Osola: The Legend of the Mysterious Smoke of Wakulla, 1922

Osola: The Legend of the Mysterious Smoke of Wakulla, 1922


State Library of Florida: Florida Collection, 811-L849 01


An "epic poem" written by Tallahassee resident Reinette Long Hunt of the Grove. The poem tells the story of Osola, a boy born of a Wakulla water spirit and Indian Chief Wacissa. When Osola's dad goes to Pensacola, he asks Osola to keep a fire going so he will be able to find his way home using the smoke. Wanawachee, "on the hills above Wakulla," notices the smoke and asks her brother Chief Tallahassee to send his warriors to learn where the smoke is coming from. The warriors find Osola and Chief Tallahassee and Wanawachee travel to meet him. The legend is meant to explain the Wakulla Swamp Volcano.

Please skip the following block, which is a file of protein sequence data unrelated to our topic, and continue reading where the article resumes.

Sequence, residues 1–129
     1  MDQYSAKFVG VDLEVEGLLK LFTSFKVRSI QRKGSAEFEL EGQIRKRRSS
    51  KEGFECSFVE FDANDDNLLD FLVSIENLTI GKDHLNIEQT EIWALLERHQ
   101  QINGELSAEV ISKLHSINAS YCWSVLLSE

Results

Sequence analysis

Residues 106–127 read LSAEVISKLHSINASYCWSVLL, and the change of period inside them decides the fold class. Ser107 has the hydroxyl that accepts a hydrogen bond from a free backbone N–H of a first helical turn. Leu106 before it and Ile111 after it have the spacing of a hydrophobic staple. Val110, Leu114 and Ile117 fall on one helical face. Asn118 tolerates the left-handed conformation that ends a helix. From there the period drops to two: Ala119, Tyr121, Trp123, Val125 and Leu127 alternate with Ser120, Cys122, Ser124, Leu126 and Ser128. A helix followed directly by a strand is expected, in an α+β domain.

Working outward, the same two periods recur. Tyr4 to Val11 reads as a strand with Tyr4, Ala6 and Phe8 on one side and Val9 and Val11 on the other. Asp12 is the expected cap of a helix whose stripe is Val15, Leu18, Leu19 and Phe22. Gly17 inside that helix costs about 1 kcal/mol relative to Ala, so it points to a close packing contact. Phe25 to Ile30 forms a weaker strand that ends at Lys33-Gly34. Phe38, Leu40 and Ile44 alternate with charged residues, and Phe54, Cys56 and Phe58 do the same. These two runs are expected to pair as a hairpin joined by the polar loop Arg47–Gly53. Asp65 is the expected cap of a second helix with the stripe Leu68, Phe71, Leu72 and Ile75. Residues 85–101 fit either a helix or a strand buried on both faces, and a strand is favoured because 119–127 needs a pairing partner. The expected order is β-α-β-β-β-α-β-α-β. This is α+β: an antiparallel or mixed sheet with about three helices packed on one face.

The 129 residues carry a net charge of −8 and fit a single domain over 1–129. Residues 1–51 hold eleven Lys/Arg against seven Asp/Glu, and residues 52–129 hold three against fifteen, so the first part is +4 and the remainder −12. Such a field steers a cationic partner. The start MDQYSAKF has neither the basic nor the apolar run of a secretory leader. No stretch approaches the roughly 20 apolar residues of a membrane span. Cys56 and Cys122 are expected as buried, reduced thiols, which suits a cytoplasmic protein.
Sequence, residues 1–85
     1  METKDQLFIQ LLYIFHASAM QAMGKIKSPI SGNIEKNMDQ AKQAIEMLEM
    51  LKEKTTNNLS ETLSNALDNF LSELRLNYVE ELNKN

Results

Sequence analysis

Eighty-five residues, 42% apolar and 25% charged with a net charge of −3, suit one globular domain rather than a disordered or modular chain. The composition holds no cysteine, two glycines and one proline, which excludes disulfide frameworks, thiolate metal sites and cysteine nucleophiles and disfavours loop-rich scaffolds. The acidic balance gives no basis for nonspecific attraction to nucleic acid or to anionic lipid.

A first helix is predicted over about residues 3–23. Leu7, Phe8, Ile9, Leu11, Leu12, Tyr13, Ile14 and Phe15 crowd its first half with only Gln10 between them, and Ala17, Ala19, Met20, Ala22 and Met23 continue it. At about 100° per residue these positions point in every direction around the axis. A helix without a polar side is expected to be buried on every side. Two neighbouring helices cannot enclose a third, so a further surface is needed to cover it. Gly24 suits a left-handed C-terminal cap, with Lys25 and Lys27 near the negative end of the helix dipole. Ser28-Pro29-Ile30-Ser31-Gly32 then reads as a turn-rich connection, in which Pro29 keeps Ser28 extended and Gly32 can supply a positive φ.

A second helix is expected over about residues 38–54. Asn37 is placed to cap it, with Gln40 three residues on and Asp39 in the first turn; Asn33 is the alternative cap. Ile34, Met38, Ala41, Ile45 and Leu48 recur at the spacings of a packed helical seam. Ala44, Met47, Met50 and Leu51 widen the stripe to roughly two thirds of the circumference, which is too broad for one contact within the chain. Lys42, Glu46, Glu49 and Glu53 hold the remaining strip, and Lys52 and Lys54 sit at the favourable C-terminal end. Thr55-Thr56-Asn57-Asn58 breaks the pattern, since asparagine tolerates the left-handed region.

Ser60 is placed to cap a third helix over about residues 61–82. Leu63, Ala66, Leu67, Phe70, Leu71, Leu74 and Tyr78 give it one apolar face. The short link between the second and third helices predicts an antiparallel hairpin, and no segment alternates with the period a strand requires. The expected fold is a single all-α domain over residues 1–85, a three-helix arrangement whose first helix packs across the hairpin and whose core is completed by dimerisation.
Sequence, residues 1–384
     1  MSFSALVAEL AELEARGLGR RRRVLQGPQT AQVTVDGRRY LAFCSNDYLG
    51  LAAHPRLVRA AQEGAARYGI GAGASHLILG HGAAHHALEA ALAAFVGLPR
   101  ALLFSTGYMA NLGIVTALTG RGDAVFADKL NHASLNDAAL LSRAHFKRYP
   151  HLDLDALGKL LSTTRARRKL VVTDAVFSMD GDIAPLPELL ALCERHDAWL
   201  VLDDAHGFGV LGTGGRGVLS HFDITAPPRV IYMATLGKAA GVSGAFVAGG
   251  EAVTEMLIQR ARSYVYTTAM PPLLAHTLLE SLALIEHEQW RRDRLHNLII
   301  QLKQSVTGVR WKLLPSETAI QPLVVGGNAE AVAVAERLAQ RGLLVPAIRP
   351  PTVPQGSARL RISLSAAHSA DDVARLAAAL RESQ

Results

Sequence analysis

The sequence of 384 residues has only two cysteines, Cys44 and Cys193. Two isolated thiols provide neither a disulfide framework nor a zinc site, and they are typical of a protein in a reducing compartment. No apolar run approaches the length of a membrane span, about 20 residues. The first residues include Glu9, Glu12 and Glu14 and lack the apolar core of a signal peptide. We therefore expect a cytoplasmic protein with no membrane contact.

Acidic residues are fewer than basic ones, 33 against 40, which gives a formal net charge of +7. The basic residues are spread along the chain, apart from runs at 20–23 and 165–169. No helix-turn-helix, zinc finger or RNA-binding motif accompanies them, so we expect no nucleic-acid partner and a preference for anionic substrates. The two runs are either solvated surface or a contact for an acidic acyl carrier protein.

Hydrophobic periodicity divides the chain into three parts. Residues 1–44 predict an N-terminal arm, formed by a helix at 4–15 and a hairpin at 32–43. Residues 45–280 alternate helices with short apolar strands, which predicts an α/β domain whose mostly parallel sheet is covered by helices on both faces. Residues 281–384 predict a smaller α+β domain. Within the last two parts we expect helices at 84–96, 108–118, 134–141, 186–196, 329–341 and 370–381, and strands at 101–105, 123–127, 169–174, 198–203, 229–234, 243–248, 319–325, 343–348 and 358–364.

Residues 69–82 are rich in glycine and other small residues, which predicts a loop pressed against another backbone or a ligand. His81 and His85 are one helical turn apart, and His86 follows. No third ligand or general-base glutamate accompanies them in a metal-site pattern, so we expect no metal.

Hunt, Reinette Long, 1873-1940


Pepper Printing Company (Gainesville, Fla.)




Florida Boom and Progressive Era (1890-1926)

General Note

For generations, people swore they could occasionally see a dark column of smoke rising up out of the forests southeast of Tallahassee. The legend became particularly popular in the late 19th century, when a variety of newspapers and magazines carried stories about the mysterious Wakulla Swamp Volcano and its possible explanations. Sightings of the volcano stopped after the 1886 Charleston Earthquake, which was felt across Middle Florida.